Friday, March 28, 2008

One fire department for north valley?

Consultant recommends consolidation


By JON DUVAL
Express Staff Writer

Ketchum firefighters Annie Stout, left, and Lara McLean, right, could find themselves part of a combined force if their department is consolidated with that of Sun Valley. A recent consultant?s report recommended the consolidation, as well the construction of a new fire station to serve the new department. Photo by Willy Cook

One of the Wood River Valley's most contentious issues—the consolidation of fire departments—is coming back to the forefront with the publication of a consultant's reports recommending a joint powers agreement between the Sun Valley and Ketchum fire departments.

"The determination benchmark for all decisions facing the consolidation effort should be: What is in the best interest of the people we serve?" stated the report from the Illinois-based McGrath Consulting Group.

The report was completed in August 2007, but was only recently made public and is now available on both cities' Web sites.

The report provides thorough analysis of both departments, including the average number of calls received for each day of the week, equipment replacement schedules and staffing requirements.

"This was a very comprehensive report and got into an amazing amount of data," said Jerry Osterman, interim city administrator for Sun Valley.

Boiled down, the 334-page report resulted in a number of specific and wide-reaching recommendations, including full consolidation of the two departments, with Ketchum's fire chief retaining the top position and current Sun Valley Chief Jeff Carnes taking the title of Chief of Community Services.

As well, it was recommended that the two departments should build a joint fire and emergency medical services station, either on Sun Valley's five-acre parcel, Saddle Road or Spruce Avenue in Ketchum.

The new station would replace Sun Valley's City Hall station, deemed inadequate because of its size and location right on the City Hall parking lot. The station in downtown Ketchum was also determined to be inadequate because of its age and size.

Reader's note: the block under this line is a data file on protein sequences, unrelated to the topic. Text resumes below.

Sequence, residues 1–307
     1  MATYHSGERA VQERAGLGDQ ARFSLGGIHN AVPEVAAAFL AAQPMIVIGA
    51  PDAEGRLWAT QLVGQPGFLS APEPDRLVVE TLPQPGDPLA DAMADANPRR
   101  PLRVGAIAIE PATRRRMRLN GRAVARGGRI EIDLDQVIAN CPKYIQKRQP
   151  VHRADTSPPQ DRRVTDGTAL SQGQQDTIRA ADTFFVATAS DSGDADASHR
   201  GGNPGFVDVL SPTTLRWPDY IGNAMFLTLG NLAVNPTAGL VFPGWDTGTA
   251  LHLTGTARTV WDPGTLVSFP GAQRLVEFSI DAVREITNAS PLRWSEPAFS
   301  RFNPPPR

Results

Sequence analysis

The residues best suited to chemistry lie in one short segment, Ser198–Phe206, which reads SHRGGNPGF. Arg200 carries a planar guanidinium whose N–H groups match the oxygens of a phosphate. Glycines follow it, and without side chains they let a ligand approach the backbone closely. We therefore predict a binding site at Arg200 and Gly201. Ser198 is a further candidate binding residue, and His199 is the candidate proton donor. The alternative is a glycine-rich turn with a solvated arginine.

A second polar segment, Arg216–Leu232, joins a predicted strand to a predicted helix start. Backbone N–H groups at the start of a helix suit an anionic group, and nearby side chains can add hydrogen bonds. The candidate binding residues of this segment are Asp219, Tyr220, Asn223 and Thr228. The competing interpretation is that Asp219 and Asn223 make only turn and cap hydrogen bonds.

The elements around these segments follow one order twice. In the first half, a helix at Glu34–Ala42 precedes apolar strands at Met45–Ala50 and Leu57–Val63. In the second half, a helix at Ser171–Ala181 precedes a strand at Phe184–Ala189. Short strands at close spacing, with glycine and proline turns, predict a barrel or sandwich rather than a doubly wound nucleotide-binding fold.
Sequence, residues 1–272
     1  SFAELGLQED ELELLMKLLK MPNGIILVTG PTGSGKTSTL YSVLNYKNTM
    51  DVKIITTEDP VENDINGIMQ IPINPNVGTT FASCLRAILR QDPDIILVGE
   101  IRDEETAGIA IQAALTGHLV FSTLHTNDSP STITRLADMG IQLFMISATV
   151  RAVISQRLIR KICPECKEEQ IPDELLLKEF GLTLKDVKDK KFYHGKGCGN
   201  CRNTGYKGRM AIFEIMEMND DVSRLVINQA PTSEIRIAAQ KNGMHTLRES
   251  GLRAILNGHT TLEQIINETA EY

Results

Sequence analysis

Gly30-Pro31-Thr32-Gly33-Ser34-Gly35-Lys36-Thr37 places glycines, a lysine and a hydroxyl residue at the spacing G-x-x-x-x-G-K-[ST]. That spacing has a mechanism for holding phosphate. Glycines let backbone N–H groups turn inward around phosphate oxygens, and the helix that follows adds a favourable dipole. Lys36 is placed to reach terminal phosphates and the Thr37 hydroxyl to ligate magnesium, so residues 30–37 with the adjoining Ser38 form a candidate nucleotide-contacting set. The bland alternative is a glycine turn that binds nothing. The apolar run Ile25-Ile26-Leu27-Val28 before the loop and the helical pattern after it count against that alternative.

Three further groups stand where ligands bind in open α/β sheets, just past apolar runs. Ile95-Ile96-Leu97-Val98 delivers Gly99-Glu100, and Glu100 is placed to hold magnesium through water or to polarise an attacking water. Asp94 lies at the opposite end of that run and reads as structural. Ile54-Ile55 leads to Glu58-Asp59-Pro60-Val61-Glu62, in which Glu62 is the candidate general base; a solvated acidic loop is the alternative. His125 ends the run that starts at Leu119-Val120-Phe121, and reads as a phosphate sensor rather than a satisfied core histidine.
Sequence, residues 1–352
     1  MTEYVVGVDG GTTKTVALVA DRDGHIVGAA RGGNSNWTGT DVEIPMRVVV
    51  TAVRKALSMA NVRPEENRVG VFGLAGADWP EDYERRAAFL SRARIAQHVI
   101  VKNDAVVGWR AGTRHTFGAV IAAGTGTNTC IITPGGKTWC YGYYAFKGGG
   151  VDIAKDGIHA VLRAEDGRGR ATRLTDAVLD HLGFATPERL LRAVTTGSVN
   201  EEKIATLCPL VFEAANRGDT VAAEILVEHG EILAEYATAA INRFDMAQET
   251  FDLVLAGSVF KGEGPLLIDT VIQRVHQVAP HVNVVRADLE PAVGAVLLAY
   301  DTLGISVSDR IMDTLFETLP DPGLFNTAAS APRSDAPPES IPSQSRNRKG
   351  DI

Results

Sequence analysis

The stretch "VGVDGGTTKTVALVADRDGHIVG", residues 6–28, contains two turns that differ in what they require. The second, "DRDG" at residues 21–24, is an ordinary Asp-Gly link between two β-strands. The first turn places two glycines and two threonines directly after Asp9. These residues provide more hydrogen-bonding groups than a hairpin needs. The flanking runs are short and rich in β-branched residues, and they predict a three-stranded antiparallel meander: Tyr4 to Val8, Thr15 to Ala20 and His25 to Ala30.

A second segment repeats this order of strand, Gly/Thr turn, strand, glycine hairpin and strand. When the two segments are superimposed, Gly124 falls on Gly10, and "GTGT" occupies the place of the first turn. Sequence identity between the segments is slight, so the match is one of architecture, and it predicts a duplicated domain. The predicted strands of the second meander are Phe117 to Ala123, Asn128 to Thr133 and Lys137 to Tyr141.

The consultants put the cost of a new station in the range of $3.6 million, but stated a consolidated station could save taxpayers about $1.6 million over building a new stations for each department, as the current downtown Ketchum station would be eliminated and Sun Valley's station converted for City Hall use.

In addition to a shared building, the report recommended shared purchase of a new fire engine.

However, more than any material object, the report recognized the high number of volunteer firefighters as the biggest asset to both departments.

"Perhaps the greatest benefit of consolidation is the ability to enlarge the pool of paid on-call (volunteers). Consolidation will cease the competition of each department recruiting from the same limited number of paid on-call and form a larger employee pool," the report stated.

While combining the two volunteer forces could prove beneficial to both departments, their difference in paid, full-time firefighters could require Sun Valley to pay more in salaries. Whereas the Ketchum department has 12 career members, Sun Valley has but two--the chief and assistant chief.

This issue, along with the consolidation in general, has still some distance to go before it could become a reality.

"We started talks last November and made some headway, but then got caught in the election cycle," said Ketchum Councilman Ron Parsons, who is also a veteran member of the Ketchum Fire Department. "We wanted to give (Sun Valley Mayor) Wayne Willich and the new council members time to read it before we sat down again."

For Parsons, the decision goes beyond taking advantage of opportunities of scale.

"We want to move forward if this is a way to improve the level of service," Parson said. "And if we can save some money in the process, that would be wonderful, too."

With officials in both cities busy with new building developments, it will likely take some time before any substantive decisions are made.

"The next step will be for the mayor, fire chief and city staff to meet and make sure all the necessary information is there. Then it will go to the council," Osterman said of Sun Valley's approach. "It's a complex decision that will have to take into account logistics, finances and politics."

Osterman said the council will hold a meeting May 1 to discuss goals and objective for the near future, and that consolidation would likely be discussed then, but that the council would likely delve deeper into the issue sometime around June.




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